Mugabe and the White African

by Anna Blanch on August 15, 2011

For years now I’ve listened to the resigned sadness of Zimbawbwean friends. The land of their birth is not as it once was. Their homes are not theirs any longer. There’s a fragility to their patriotism. It is tinged with hurt and despair in a society which has few terms to understand what has happened to them and their families.
To say I was looking forward to reading Ben Freeth’s Mugabe and the White African doesn’t no justice to the ambivalence I knew I would feel. It’s like watching the movie version of the true story of an accident. You know what’s going to happen and it really doesn’t feel good to see it writ large. But, that’s not to say you shouldn’t read it, especially if you have not heard the stories of friends and colleagues driven from their homes.

Mugabe and the White African Ben Freeth has an extraordinary story to tell in Mugabe and the White African (Lion Books,  2011 ISBN: 978-0-7459-5546-9, $14.95). “Mount Carmel” farm was purchased by Mike Campbell from the independent Zimbabwean government and operated with the help of his son-in-law, Ben Freeth. Like that of many white farmers, his family’s land was “reclaimed” for redistribution by President Mugabe’s government.

But Ben’s and his family fought back. Appealing to international law, they instigated a suit against Mugabe’s government in the SADC, the Southern African equivalent of NATO. The case was deferred time and again while Mugabe’s men pulled strings. But after Freeth and his parents-in-law were abducted and beaten savagely in 2008, the SADC deemed further delay to be an obstruction of justice. The case was heard, and was successful on all counts.  Yet, In 2009 the family farm was tragically burned to the ground by Mugabe supporters.
But this isn’t just a biographical account as Freeth grapples with what he sees as the underlying spiritual battle that have allowed the leaders to inflict such suffering. His description of his initial meeting with Mugabe years before is haunting. His descriptions of his travels through Somalia and Ethiopa in the wake of genocide and civil unrest are sobering. Freeth describes many acts of violence perpetrated against farmers and farm workers and the wanton destruction of  commercial farming enterprises; many which were once the backbone of the Zimbabwean economy.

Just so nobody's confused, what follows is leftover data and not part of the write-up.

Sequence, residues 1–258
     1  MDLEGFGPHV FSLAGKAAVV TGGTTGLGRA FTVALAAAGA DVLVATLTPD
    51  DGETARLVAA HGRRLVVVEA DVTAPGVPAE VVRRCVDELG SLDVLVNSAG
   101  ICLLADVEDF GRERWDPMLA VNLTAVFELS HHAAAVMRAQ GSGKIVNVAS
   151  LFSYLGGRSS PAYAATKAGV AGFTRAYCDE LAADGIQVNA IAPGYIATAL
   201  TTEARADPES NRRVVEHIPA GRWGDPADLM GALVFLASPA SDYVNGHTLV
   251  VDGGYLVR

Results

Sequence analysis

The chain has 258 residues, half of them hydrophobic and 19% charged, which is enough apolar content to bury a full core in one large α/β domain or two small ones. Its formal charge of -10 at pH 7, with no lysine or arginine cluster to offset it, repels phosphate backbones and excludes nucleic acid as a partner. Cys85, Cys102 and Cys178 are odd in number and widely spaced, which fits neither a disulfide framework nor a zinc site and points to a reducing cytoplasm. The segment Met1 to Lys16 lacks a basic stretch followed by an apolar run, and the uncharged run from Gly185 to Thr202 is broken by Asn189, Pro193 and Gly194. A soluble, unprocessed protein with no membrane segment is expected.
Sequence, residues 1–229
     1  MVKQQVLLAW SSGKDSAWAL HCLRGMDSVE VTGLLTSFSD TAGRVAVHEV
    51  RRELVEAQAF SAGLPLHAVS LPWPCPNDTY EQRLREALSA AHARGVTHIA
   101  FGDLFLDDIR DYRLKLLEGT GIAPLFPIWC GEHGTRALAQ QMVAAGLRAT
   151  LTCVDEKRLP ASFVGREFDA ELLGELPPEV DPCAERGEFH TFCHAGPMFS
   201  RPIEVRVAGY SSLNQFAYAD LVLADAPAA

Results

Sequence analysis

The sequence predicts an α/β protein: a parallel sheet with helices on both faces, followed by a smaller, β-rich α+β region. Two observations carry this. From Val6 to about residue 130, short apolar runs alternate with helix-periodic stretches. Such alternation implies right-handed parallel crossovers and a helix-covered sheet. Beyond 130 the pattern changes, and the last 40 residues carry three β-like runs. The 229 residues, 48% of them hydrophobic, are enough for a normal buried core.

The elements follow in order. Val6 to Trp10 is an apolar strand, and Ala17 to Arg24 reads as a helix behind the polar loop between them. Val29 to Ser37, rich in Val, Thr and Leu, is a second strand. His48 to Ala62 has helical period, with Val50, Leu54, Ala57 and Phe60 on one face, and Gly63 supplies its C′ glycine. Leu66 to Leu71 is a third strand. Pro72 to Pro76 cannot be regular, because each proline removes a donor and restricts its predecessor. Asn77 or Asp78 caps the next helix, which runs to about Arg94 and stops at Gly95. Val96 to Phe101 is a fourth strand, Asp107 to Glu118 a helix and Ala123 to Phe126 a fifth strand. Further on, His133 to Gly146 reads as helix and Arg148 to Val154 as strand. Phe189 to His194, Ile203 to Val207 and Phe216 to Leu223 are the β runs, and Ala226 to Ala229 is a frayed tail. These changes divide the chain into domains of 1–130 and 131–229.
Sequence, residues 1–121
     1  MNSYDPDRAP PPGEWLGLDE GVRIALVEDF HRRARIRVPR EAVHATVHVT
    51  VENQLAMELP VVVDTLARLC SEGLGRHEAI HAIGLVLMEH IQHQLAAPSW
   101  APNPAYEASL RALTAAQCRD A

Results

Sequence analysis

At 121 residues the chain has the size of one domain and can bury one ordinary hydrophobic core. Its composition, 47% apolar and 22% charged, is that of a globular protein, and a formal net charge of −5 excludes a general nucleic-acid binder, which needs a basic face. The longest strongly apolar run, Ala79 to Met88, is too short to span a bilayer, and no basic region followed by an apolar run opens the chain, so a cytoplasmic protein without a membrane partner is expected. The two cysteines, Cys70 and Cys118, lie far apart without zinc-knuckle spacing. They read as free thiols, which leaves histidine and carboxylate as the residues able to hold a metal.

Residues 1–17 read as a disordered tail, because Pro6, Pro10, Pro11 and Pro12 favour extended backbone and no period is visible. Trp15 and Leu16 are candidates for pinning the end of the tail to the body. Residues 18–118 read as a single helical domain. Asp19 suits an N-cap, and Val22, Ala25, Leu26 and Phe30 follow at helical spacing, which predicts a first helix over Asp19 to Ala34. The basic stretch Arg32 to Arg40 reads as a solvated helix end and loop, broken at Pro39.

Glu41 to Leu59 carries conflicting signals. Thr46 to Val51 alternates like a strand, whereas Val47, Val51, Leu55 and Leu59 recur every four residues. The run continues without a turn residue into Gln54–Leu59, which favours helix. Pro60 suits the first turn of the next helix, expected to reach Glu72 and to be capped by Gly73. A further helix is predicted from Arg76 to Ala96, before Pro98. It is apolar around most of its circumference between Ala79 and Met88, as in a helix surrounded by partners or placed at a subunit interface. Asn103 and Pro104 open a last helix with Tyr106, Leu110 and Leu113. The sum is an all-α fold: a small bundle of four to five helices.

The description of the beatings Freeth and his parents-in-law were subjected to is heart-rending as are the details of the other patients in the clinic where they were treated in the weeks following. The details of the personal violence need no adjective – the statement of the mere facts of their injuries and the circumstances of their beatings are mind boggling. Be prepared for a harrowing account that may well pierce your heart. I challenge you not to ‘feel’ while reading this book. Whether you are incensed or bewildered, saddened or emboldened – you will feel.

Forewords by John Sentamu and Desmond Tutu are worth noting. Tutu’s explanation of the classical African concept of ubuntu — the essence of being human — is particularly insightful:

The spirit of ubuntu is dimiished when others are humiliated or diminished — and when others are tortured or opprressed. It is encouraging that throughout the book there are examples of extraordinary courage, humanity, and neighbourliness that embody the philosophy of ubuntu. (8)

Freeth believes Ephesians 6:12 more accurately reflects his family’s fight than this being about one family’s struggle against Mugabe: “Our struggle is not against flesh and blood, but against the rulers, against the authorities, against the powers of this dark world and against the spiritual forces of evil in the heavenly realms.”  Freeth says, “The land issue is not a struggle for land. It is a struggle (politics aside) for the control of the spiritual places, the ‘High Places.’… It is a struggle of good against evil ‘in the heavenly realms.‘” (100-101)

It is this direct connection to a spiritual battle where the theological implications which will be confronting for many readers. Freeth is forthright in presenting his story intertwined with his spiritual journey and its implications. The courage of Mike Campbell, Ben Freeth, and their family is a remarkable witness to their faith in the grace of God in Christ. Mugabe and the White African is told, as Bishop Sentamu encourages, a lesson to the Christian community to stand together with their brothers and sisters who live under the tyranny of Mugabe or any evil ruler, and an exhortation of the need to pray they will find deliverance (13).

Buy the Book

Ben Freeth, MBE, is a British-born Zimbabwean farmer. He has lived in Zimbabwe most of his life and is raising his three young children there, together with his wife Laura. Ben’s story has already been the subject of an award-winning documentary which won Best Documentary 2009 (British Independent Film Awards), was nominated for the BAFTA Outstanding Debut Film 2010, and shortlisted for an Oscar in 2010. the award-winning documentary of the same name, was on July 26. Watch now at PBS

This post is part of a Litfuse Blog Tour; A copy of this book was provided to the reviewer. See my disclosure for more information.

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